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“Underlying all the tension between them is, of course, an unspoken rivalry over which of them their mother loved the best…Tensions come hilariously to the fore in a funeral reception scene, in which the two boys jockey for position in the matter of eulogy delivery”
..there’s no denying [McIvor’s] engaging touch with comedy, especially comedy arising from character rather than situation…The play’s vein of black humour is never threatening because it’s framed in a succession of sit-com blips, which are adroitly processed>”
“…it’s one of the most beautifully bittersweet plays MacIvor has written. And Bunny’s treatise on dogs and love near the end of the play will convince you that you desperately need both, no matter what your allergist says.”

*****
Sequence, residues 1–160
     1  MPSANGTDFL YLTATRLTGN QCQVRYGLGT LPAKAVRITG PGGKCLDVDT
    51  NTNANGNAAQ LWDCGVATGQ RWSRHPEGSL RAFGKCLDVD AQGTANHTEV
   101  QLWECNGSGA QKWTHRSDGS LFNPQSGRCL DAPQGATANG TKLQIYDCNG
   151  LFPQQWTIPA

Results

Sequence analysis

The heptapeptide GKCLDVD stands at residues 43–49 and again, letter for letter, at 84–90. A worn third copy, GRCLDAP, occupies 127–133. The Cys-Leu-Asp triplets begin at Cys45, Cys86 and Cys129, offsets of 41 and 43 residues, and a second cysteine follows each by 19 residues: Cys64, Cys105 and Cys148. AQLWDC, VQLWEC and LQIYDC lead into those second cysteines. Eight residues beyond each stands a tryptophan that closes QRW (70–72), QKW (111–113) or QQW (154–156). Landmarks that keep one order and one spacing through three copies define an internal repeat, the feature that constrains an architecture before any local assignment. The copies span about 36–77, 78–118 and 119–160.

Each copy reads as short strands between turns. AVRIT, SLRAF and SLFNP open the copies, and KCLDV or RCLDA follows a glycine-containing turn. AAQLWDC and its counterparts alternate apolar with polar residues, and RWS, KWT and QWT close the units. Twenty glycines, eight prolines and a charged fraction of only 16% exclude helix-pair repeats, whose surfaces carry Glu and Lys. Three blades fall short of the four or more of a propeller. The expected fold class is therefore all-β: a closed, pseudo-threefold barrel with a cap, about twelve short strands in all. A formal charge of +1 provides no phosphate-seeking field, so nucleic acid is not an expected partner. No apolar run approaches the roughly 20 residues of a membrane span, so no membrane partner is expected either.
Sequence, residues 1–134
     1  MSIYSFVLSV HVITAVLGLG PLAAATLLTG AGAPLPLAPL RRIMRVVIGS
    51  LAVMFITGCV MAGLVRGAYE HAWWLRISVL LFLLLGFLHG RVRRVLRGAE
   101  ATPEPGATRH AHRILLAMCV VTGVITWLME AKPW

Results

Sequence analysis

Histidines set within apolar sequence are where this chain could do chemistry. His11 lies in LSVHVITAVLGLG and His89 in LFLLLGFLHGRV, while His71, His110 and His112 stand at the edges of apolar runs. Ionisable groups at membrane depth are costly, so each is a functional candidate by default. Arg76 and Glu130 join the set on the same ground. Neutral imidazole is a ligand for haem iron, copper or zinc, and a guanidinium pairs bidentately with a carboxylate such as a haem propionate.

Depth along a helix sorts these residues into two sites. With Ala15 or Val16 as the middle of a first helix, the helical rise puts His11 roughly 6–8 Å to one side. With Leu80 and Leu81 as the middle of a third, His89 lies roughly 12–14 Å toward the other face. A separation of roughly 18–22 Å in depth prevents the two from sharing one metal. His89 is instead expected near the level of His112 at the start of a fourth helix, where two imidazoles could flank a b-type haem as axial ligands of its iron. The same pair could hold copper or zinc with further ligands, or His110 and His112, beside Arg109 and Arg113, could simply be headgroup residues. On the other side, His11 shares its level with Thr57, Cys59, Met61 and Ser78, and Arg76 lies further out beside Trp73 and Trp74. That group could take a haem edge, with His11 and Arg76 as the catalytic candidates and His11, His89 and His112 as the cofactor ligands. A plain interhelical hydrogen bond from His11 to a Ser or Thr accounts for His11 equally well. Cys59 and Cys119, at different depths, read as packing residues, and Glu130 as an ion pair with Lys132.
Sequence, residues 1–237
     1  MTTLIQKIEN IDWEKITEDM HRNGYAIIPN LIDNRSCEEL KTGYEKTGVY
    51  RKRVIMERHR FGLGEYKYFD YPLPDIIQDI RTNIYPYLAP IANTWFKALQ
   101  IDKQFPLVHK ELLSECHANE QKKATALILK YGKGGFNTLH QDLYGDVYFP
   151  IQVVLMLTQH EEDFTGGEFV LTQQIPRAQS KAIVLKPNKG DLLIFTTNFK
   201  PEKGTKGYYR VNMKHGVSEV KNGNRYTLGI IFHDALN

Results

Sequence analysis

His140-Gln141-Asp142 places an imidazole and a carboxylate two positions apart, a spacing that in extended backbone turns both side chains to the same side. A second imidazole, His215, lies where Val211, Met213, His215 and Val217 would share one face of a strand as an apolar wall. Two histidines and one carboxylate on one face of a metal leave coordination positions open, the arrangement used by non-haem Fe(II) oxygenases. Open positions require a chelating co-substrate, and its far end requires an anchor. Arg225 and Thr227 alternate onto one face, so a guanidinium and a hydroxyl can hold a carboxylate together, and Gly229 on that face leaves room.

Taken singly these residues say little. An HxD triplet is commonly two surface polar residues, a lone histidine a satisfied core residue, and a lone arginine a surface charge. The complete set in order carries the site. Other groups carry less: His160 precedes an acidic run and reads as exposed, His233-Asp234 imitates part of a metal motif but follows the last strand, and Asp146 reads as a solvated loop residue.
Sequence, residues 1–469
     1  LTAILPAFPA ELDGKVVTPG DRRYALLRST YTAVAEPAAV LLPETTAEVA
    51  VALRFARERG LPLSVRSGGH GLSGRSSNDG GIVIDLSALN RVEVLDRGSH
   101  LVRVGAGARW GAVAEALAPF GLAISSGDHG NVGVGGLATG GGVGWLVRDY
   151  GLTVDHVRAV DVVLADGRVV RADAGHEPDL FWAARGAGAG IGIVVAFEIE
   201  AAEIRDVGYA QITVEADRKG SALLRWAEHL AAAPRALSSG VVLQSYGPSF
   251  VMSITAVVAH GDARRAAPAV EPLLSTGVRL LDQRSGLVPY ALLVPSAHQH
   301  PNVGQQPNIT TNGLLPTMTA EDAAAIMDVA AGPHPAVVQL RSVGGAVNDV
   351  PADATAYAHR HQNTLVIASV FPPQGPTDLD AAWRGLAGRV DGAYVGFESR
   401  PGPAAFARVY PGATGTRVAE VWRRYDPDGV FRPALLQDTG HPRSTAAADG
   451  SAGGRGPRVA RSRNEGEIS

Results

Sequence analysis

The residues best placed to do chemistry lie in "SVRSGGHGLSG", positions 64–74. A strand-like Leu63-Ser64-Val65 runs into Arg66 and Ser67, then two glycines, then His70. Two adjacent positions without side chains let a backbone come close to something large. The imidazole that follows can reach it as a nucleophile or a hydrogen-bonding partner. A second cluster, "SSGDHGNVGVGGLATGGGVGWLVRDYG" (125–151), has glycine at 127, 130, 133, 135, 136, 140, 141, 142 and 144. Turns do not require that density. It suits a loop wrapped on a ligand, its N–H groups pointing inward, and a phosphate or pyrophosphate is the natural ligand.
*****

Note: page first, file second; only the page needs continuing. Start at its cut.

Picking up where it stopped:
“It’s comedy at its purest as the brothers squabble over the obituary that will appear in the paper…But underneath that wild hilarity is the MacIvor heart and wisdom as the brothers struggle to come to terms with the past and the present, to recognize and respect each other for what they’ve become.”
Reid writes about two new plays, Hirsch and The Best Brothers, in this review. “Both make for compelling, engaging theatre and feature virtuosic performances… Hirsch, the play paints a highly impressionistic portrait of the interior contours of his visionary creative life….MacIvor is one of Canada’s best playwrights. He is also a gifted actor, as confirmed by The Best Brothers, a two-man play in which he shares the stage with John Beale.”